Not so many years ago, when YouTube cancelled the channel of Stefan Molyneux, the biggest promoter of what was then called ‘Alt-Lite’ in contrast to the Alt-Right (as Moly, whose mother was Jew, has served as gatekeeper for the Jewish question throughout his vlogging career), and moved to other video platforms, something happened that caught my attention. According to Moly himself, who uploaded excellent videos on the IQ differences between the races, only a tiny fraction of his YouTube subscribers re-subscribed to his new platform on Odysee.
If we use my metaphor of crossing the psychological Rubicon and those stuck in the river unable to cross it, it’s understandable that there are miscellaneous people in the water—from what used to be called the Alt-Lite, who at least have one foot in the water, to those who are just a few steps already inside the river. Never mind that there are people like Moly who will never speak honestly about the JQ: a step in the right direction is something so significant for the thought police that YouTube took down his channel (the same day YouTube took down the channels of Jared Taylor and Richard Spencer). But Moly was by far the most important of the three in terms of the hundreds of millions of hits his channel had garnered.
When I learned that only a negligible fraction of his supposed fans had subscribed to Moly’s new channel on another platform I thought that, rather than having been awake, those ‘fans’ had only been logging on to his YouTube channel out of curiosity but without real conviction.
Recently I’ve been thinking about the comments threads on webzines that address topics Moly didn’t touch (and doesn’t touch on his new channel). But even in the comment sections of forums that go so far as to address the JQ, I’m always left with the impression that I’m encountering normies or semi-normies. Think of the hundreds of commenters on The Unz Review for example: a webzine that republishes what Andrew Anglin writes in Daily Stormer. As far as I know, none of the authors Ron Unz publishes is aware of the Christian question, and very few commenters are aware of it, or that the US had a bad birth. (Unlike Europeans, Americans have never gone through a civilisational stage where there was not a single Christian.)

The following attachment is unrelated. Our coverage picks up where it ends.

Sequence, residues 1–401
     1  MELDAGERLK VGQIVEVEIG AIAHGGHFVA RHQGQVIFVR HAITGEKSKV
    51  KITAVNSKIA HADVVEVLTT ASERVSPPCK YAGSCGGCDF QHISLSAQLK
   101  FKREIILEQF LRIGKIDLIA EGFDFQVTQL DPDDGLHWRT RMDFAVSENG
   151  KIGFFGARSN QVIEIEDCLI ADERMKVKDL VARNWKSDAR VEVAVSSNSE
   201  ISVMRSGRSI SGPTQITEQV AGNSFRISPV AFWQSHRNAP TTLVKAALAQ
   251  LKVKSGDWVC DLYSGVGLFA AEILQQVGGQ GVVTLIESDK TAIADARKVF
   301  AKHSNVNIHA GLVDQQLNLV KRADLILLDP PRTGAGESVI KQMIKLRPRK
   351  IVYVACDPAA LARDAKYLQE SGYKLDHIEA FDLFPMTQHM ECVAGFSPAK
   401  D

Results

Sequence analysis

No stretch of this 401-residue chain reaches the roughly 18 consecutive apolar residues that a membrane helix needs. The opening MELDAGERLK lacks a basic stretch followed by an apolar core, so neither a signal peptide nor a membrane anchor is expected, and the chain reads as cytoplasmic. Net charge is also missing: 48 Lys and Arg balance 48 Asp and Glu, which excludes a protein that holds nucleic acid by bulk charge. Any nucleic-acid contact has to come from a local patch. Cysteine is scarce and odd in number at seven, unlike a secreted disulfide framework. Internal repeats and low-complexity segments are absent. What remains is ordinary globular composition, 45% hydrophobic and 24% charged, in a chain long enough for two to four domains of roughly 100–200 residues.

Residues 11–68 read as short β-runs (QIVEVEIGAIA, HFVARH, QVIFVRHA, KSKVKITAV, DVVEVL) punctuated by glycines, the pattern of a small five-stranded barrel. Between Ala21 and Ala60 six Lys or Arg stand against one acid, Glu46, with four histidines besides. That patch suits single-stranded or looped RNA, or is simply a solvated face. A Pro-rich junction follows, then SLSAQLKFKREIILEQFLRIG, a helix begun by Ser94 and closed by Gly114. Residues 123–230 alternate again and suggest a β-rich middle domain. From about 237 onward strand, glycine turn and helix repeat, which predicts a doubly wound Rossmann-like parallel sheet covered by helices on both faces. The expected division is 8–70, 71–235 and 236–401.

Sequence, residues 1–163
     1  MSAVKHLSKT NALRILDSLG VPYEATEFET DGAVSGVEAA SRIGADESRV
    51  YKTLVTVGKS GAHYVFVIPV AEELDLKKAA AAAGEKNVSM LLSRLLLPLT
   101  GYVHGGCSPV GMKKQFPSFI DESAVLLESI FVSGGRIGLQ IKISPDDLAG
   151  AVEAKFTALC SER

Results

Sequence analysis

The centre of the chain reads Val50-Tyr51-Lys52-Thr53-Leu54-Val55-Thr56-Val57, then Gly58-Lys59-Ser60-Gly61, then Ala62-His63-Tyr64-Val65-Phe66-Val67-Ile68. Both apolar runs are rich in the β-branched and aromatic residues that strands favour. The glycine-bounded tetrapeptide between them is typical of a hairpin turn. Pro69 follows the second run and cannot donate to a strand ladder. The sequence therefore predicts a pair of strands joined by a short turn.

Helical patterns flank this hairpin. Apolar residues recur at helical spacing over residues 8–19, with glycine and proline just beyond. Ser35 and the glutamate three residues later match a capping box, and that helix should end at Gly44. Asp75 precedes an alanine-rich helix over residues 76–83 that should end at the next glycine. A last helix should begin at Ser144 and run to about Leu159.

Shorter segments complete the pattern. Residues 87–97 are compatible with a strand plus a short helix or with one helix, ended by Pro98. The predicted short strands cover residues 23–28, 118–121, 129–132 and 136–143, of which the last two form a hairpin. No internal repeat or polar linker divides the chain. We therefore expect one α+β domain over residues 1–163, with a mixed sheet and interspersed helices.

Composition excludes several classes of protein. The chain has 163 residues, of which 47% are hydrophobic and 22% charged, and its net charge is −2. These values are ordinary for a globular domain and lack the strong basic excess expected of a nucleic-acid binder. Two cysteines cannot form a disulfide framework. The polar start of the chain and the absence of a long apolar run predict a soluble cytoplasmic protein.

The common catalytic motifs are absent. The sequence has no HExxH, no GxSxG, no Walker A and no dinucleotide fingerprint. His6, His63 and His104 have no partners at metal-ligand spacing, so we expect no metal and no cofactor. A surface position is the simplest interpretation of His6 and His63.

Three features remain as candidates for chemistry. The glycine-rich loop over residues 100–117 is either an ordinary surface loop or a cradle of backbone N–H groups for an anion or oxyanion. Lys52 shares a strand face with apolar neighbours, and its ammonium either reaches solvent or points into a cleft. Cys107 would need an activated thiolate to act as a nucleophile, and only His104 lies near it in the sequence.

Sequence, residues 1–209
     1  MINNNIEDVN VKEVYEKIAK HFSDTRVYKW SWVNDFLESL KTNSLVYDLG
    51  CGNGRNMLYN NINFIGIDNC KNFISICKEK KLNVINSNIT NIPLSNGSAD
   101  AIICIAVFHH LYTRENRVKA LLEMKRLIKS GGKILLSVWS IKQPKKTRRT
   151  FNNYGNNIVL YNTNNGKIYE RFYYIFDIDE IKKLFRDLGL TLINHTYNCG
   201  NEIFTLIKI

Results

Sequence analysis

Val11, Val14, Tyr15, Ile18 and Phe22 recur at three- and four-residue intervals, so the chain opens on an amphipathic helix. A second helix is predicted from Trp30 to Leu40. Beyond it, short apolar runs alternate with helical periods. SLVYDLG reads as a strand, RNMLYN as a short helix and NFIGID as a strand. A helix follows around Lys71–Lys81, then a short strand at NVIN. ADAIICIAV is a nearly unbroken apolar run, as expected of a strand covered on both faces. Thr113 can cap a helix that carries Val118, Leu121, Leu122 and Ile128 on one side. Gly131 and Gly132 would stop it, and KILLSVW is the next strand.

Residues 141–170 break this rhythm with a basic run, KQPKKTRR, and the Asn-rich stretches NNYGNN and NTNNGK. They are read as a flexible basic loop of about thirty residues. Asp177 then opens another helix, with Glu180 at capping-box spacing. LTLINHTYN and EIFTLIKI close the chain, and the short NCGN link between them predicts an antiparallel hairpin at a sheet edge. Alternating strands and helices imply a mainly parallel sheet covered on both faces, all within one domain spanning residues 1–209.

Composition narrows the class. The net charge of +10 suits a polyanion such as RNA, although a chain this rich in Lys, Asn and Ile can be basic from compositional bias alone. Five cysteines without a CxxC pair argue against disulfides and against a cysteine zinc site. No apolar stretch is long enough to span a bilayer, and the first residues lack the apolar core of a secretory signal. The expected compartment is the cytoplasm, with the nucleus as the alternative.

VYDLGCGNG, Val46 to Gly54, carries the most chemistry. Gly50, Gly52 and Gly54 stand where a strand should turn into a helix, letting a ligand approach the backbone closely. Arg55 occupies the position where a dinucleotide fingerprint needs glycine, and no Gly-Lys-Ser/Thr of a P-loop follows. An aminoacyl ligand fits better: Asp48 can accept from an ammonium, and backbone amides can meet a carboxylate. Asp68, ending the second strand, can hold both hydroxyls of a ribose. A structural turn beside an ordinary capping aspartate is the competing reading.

I am capable of rejecting both flags of the county where I was born: the tricolour flag of the eagle on a cactus devouring a snake—that is, an Aztec flag—and the previous flag, which some Criollos associate with New Spain. I reject even the latter because the first thing these Catholic idiots did was marry Indian girls. There is a very vulgar saying in Mexico that I have heard from the Criollos who live here: “Carne buena y barata sólo la de la gata” (‘Good and cheap flesh only that of the Indian maid’).
Not being aware of CQ is similar to Moly & Alt-Lite’s company not being aware of the JQ. As Adunai said in our Monday’s post, Robert Morgan has tried to break the taboo in the comments section of The Unz Review about how CQ explains the first anti-white war perpetrated by the Yanks in a time when Jewry hadn’t yet taken over their media. But if one starts from a primitive pride in one’s nation and stupid worship of one’s ancestors, one will never diagnose the causes of white decline. It is as if I were to blindly honour, say, New Spain by removing from my conscience the fact that the New Spaniards committed the nefarious sin of mestization.
My great-grandfather Damián Tort Rafols exemplifies
the saying “Carne buena y barata sólo la de la gata”.
Why is it that if I can disown the culture I was born into, and even my ancestor who married an Indian, the normies and semi-normies who argue in racialist forums cannot disown their culture? Never mind that the Spanish and Portuguese have been mixing since the 16th century and the Anglo-Germans from the North until the present century and the end of the last century. Both cultures have the same perpetrator as a common denominator: the universalist religion that equalises all human ‘souls’.
I started talking about Moly’s Alt-Lite, which reached half a billion hits on YouTube, because I have the impression that, as a blogger or vlogger moves away from Normieland and into the river, his hits begin to diminish. Jared Taylor and Richard Spencer, who had taken a couple of steps further towards the other side of the river, certainly didn’t have the audience volume that Moly had when they cancelled all three, not remotely. And someone like me, who has virtually finished crossing the river, has become an obscure blogger that no one mentions or links on racialist forums!
It seems that obscurity, in the sense of fewer and fewer hits, is directly proportional to the distance from crossing the Rubicon to the other side.